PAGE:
Hornets: LaMelo Ball, Terry Rozier, Miles Bridges, Gordon Hayward, Mason Plumlee
Lakers: Russell Westbrook, Kent Bazemore, Avery Bradley, Anthony Davis, DeAndre Jordan
Hornets: PJ Washington (out)
Lakers: Anthony Davis (probable); LeBron James (out); Trevor Ariza (out); Talen Horton-Tucker (out); Kendrick Nunn (out)
I can’t imagine anyone who’s read my work over the years mistaking me for some sort of master tactician. Sure, three and a half decades of watching basketball, caring too much about what I saw, reading about basketball, writing about basketball, then watching more basketball certainly leaves some marks. That being said, my recipe for understanding and enjoying the game has always relied quite heavily on vibes.
In returning to FBG, to preview these games (and occasionally write other stuff), I’ve taken an approach that’s less prone to soft-scientific emotional whims of that vibes-based analysis. Valuable as that often is, for the time being, we’re placing cold logic squarely on the back burner.
The Lakers entered the 2021-22 season as any team with a healthy (at the time) LeBron James and Anthony Davis ought to: with championship aspirations. That they’ve split their first ten games of the season is not evidence that those aspirations were misguided. Neither is the fact that the team has been ravaged by injury – “it’s early” as the saying goes, and there’s time for all manner of bump, bruise and surgically-repaired whatever to heal. Where the potential terror lies is in the fragility of even the top of this almost comically veteran-laden, top-heavy roster.
Prior to the fiasco in Portland, in this very corner of the internet, Darius said, accurately, among several other accurate statements, that:
“I do not expect the Lakers to win a game over the next week (or more) while LeBron James is out. With Bron joining THT, Ariza, and Nunn in street clothes, the Lakers do not have enough forwards or ball handling…”
He was absolutely right, not just in the result, but in his rationale. The issue, of course, is that, even with its full complement of stars, this team has shown a preternatural aversion to making life easy for itself.
Seven of the season’s first ten games have been played at Staples Center. Five have come against the Red River trio of the Spurs, Rockets and Thunder, who’ve thus far combined for a 7-22 record. The most impressive of those outings was a 10-point win over the Rockets in which the Lakers led by 28 at one point. Otherwise, it’s a toss-up between a two-point home win against the one-win Rockets or a four-point overtime triumph over the 3-7 Spurs. After that, we’re looking at two of the racing-to-the-bottom Thunder’s three wins – an eight-point loss following a 34-point second half reversal, or a fourth quarter collapse at home. Each ended with a future Hall of Fame Laker losing composure with the game no longer in question.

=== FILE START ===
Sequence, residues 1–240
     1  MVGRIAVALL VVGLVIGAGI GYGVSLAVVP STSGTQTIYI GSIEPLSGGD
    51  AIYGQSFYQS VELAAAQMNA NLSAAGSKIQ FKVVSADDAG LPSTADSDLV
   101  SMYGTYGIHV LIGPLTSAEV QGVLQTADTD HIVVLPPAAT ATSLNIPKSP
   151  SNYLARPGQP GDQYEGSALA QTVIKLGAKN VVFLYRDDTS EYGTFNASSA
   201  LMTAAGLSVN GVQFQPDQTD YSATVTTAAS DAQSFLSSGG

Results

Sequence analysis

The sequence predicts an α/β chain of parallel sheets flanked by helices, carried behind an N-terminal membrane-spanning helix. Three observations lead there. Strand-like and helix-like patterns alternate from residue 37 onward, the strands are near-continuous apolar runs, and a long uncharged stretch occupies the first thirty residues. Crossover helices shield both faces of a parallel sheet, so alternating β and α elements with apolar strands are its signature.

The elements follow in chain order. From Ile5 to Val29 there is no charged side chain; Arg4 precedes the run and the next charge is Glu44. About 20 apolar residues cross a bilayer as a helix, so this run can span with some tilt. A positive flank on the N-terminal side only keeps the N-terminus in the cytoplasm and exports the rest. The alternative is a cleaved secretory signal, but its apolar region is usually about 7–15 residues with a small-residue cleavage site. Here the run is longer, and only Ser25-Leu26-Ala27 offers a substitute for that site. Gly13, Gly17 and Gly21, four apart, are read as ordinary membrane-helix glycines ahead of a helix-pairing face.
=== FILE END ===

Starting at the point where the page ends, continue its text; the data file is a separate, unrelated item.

So, yeah, even before LeBron was placed on the shelf for (potentially) upwards of a month, it had been an undignified and unedifying first three weeks. Now, things have the potential to get pretty ugly, pretty quickly. Make no mistake, no team, anywhere can afford to lose LeBron. A team that’s already without just about all of its perimeter depth losing LeBron… like I just said.
The extent to which LeBron, two decades in, can still do the heaviest of lifting in pursuit of a title is positively staggering. That this is still the plan is completely understandable. That LeBron has neither the time nor the inclination to nurture kids (in the NBA; by all accounts he’s a fine father) magnifies, in a profoundly un-fun way, his absence on those (increasing) occasions on which he’s out of the lineup.
The manner in which LeBron and Rob Pelinka assembled this roster – moving on from the last vestiges of the 2020 title team, in favor of a Remember Some Guys pantheon, in which Malik Monk, Kendrick Nunn, Wayne Ellington and Carmelo Anthony bomb from the outside, with Trevor Ariza and Kent Bazemore providing some D with their 3s, while Dwight Howard and DeAndre Jordan rack up easy buckets and provide some measure of rim protection on defense – seemingly has no contingency for LeBron’s absence. Or so it feels. In fact, the Bron insurance on this roster is Russ, and a wager that he is still a bona fide top-tier creator.
So far, that wager is proving precarious. What’s worse, though, is the lack of upside elsewhere on the roster.
For as great as Anthony Davis is, he’s still reliant on others to get him the ball – and (in one man’s opinion) not insufficiently selfish with it when it arrives. Plus, there is the ever-present concern that some nagging injury (or stomach issue) is about to rear its head. Otherwise, there’s not an ascendant player nor an offensive catalyst on the roster.
This, my friends, is where we find ourselves, squinting at a roster in shambles due to injury, hoping that AD can shoulder a generational superstar’s workload every night – and that his shoulders (along with the rest of him) holds up – and that Good Russ pops by more than once a week… while Carmelo Anthony keeps the good times rolling… and that someone else has the hot hand… and that there’s enough perimeter defense on hand to slow down the likes of, say, LaMelo, Mile Bridges, Gordon Hayward and Terry Rozier.
Whether we get to see this team at full strength and firing on all cylinders remains to be seen. What’s clear is that, for the time being, every time out is going to be an all-hands effort.
We’re in it now.
Where you can watch: 7:30pm start time on Spectrum SportsNet and NBA TV.